Average carbon emissions from new passenger cars registered in the EU will have to be 35% lower by 2030.
EU nations agreed on the target, including a 15% reduction in emissions by 2025 for both cars and vans and a 30% reduction for vans by 2030.
The European Council said the CO2 reduction effort will be distributed among manufacturers “on the basis of the average mass of their vehicle fleet”.
It agreed a specific incentive for manufacturers to sell fully electric or plug-in hybrids – the Council added there is a “more favourable weighting” for newly registered passenger cars in member states where the share of zero and low emission vehicles is below 60% of the EU average.
The final rules will be discussed with the European Parliament – which is seeking a more ambitious climate target – and the European Commission – which has proposed a lower goal.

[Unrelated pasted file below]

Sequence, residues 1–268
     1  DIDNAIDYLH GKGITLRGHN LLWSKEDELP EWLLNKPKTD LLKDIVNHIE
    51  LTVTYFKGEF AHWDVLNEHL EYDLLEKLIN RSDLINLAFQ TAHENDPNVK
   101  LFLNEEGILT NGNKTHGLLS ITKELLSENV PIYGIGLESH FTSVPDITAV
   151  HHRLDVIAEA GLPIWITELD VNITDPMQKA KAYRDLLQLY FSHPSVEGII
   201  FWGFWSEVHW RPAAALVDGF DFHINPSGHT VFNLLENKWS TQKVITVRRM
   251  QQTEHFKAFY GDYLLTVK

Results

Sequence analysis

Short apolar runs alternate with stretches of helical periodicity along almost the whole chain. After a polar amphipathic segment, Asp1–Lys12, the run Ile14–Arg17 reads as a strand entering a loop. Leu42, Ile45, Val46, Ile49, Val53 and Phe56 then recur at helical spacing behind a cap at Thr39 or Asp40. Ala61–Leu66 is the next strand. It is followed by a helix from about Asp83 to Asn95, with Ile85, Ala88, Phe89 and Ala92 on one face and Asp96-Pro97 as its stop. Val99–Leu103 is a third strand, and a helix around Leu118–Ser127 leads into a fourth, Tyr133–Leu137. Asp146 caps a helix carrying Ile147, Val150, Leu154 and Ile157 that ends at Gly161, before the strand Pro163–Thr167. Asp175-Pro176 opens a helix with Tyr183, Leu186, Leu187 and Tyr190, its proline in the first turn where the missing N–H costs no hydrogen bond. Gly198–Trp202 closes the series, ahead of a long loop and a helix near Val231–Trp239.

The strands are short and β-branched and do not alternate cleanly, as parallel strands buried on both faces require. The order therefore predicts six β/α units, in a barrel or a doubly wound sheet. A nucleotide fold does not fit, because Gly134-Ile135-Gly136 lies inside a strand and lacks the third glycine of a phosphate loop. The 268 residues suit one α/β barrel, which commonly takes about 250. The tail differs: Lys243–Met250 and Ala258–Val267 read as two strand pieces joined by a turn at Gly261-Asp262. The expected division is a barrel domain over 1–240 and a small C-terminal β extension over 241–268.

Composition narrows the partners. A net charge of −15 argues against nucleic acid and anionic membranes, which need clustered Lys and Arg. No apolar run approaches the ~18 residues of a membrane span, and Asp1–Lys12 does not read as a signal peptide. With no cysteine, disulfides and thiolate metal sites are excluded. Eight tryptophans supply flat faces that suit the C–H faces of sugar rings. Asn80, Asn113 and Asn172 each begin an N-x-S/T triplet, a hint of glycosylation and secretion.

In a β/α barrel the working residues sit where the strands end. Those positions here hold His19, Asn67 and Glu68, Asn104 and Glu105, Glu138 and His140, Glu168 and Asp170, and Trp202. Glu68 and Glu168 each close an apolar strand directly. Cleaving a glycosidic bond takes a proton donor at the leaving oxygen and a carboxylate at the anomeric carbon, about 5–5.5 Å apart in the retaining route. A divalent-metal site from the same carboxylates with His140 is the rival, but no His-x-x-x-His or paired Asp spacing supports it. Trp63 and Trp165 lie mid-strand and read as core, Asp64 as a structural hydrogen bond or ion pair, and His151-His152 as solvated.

Elisabeth Köstinger, Austrian Federal Minister of Sustainability and Tourism said: “Today’s agreement is a further step towards new legislation on CO2 emissions. It sets the European automotive industry on track to build cleaner cars, invest more in innovation and report more reliable emission data. By 2030, new cars will emit on average 35% less CO2 compared to the current emission standard limits. This is a solid basis on which to begin talks with the European Parliament.”